William Wordsworth describes The Lake District as “a sort of national property, in which every man has a right and interest who has an eye to perceive and a heart to enjoy“.
I would agree. But still in England and Wales, the right to roam all open spaces is still murky water, whilst Scotland has almost 100% access for people to enjoy its wild places. Dartmoor in Southern England has special access rights being the only place in England where you can legally wild camp. The struggle to win our right to roam on open land has been fought for almost two centuries.
Often what has been seen as a landmark moment was The Kinder Trespass in 1932 where four hundred ramblers and activists set out from Manchester and Sheffield over the high moorland of Kinder Scout, now immortalised for posterity in the song ‘The Manchester Rambler‘ by Ewan MacColl. Labour MP Lord Roy Hattersley described it as “the most successful direct action in British history”. But what has been forgotten in history is that this was more of a symbolic act of protest, rather than a defining moment of open access. Five arrests were made on the day and the event made national newspaper coverage. But the struggle had gone on for decades before with Winter Hill in Lancashire being a long-fought battle for open access since the late 1800’s and countless trespasses were made on Northern moorland before then.
Why is this important you may be asking?
The cities of Manchester and Sheffield and its conurbations were filthy, smoky hard-living places. People often worked countless hours in the crowded, sweaty factories and mills for a pittance. What people craved was in their small amount of leisure time, (bless the two-day weekend now) was an easy, affordable way of enjoyment outside of the stinking cities. Northern Gritstone provided the answer. Families enjoyed simple leisure time away from the polluted streets and their hard existence. I believe this is still relevant today. Whilst we’re not still toiling down mines eighteen hours a day, in Austerity Britain we need affordable enjoyment. The alluring temptation of international weekend breaks with quality weather have never been easier, as low-budget airlines criss-cross Europe for tantalising prices to get hammered and fraternise with locals on 60p a pint of Bock Lager in an Eastern European bar. For such a break it will cost you upwards of £200 on the best days and isn’t sustainable for the planet or your liver. In an age where we’re so disconnected from our surroundings and where instant entertainment rules the roost, rejecting the immediate gratification and exchanging it for the experience of exploring the high grounds has to be embraced.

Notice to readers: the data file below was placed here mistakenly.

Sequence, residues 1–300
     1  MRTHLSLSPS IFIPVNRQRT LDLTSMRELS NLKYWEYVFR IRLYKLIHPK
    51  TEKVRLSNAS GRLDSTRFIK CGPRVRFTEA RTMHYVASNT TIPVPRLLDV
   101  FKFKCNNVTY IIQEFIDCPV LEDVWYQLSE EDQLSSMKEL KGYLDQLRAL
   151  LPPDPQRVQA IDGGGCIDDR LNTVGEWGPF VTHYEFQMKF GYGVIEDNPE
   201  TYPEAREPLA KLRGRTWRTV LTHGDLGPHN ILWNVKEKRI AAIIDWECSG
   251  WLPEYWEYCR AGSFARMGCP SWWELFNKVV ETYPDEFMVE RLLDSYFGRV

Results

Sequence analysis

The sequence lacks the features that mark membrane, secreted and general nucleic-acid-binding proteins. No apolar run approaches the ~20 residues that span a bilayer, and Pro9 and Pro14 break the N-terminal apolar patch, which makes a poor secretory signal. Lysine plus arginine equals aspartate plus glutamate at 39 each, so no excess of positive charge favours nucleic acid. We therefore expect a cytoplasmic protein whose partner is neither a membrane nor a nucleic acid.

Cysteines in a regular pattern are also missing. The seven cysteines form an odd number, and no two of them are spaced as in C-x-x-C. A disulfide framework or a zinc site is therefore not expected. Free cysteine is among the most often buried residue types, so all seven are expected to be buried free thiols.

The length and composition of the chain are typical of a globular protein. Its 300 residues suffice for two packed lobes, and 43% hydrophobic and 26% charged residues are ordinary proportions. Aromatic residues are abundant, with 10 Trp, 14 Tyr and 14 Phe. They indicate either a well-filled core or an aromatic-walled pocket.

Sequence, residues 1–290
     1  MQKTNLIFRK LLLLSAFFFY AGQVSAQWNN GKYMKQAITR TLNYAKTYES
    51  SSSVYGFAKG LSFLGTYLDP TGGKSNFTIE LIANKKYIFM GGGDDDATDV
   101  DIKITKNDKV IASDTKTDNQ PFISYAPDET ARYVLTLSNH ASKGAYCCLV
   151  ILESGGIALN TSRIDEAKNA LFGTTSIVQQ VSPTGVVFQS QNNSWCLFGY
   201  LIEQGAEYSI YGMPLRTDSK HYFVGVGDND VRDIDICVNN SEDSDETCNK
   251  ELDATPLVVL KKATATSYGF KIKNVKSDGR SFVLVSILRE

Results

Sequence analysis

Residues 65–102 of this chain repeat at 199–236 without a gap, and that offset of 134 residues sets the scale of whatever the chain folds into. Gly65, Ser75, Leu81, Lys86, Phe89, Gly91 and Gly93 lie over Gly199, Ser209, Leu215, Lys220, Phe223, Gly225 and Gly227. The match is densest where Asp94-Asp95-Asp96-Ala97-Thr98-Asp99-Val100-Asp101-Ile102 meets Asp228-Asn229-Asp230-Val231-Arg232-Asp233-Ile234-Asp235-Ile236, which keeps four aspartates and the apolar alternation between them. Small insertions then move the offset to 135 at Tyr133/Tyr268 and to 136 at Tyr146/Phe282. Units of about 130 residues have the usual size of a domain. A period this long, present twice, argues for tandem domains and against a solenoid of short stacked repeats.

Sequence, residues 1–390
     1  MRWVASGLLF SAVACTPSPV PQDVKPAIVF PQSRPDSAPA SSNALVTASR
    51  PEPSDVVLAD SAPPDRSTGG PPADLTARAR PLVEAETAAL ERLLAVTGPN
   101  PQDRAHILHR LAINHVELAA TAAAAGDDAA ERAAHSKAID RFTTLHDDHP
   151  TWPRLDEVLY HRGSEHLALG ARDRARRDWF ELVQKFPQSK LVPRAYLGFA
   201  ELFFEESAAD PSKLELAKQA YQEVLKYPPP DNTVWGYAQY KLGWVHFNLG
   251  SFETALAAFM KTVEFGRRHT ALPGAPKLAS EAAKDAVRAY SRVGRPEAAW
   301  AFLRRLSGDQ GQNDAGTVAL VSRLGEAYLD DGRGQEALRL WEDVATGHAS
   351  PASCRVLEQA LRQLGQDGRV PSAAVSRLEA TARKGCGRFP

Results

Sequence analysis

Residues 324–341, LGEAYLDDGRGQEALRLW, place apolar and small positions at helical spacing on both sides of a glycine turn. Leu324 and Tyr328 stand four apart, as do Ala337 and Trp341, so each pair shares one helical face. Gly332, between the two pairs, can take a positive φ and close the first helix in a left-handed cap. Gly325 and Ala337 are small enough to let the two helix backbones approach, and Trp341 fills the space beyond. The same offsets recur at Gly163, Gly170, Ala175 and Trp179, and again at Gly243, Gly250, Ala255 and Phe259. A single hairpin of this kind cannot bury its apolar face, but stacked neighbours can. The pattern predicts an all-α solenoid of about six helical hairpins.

The rocks on the moors around Manchester, Sheffield, Lancaster and Huddersfield are famously dark in colour through the pollution of the industrial revolution (could be myth) but here I believe lies the next open access revolution, especially with wild camping as it is forbidden except Dartmoor in Southern England. The CROW act of 2000 opened up vast swathes of land in England and Wales for the right to roam which has helped but still areas are still closed off. Granted, the access we have today is far better than those who forged the Kinder Trespass in ’32 but only in the past couple of years certain areas of Durham and Cumbria have been opened, so the fight is still on. The reason why not all areas are open is game-keeping and land ownership. The Forest of Bowland owned by the Duchy Of Lancaster has alternative access rights for ramblers whilst huntsmen and servants to the Crown poison the dwindling and extremely rare Hen Harrier population there. The RSPB have forged numerous attempts to catch the perpetrators with no positive conclusion. Peregrine Falcons attempt to nest in Ramsden Clough near Holmfirth and are illegally poisoned every year. This is directly down to game-keepers who own the moors and want to keep their grouse shooting business fledgling. Even taking out the physical and spiritual benefits of enjoying these open spaces, these are all reasons I believe we must trespass these wild places and enjoy the surroundings and wildlife. It’s ours to reclaim, to share and to enjoy, not to keep exclusive for game-keeping or otherwise.
Very recently a leader of the Scottish Mountain Association actively encouraged English and Welsh walkers to disobey game-keepers and land owners to trespass as much as possible to enjoy the rights they have in Scotland for TRUE open access and wild camping. I for one this year will be exercising my right to roam on open land and ‘illegal’ land but more importantly, to wild camp where I choose. To retreat to a natural form of enjoyment instead of waiting for something to happen on social media. To take back what is ours for all to enjoy. And I will also be actively encouraging others to do the same.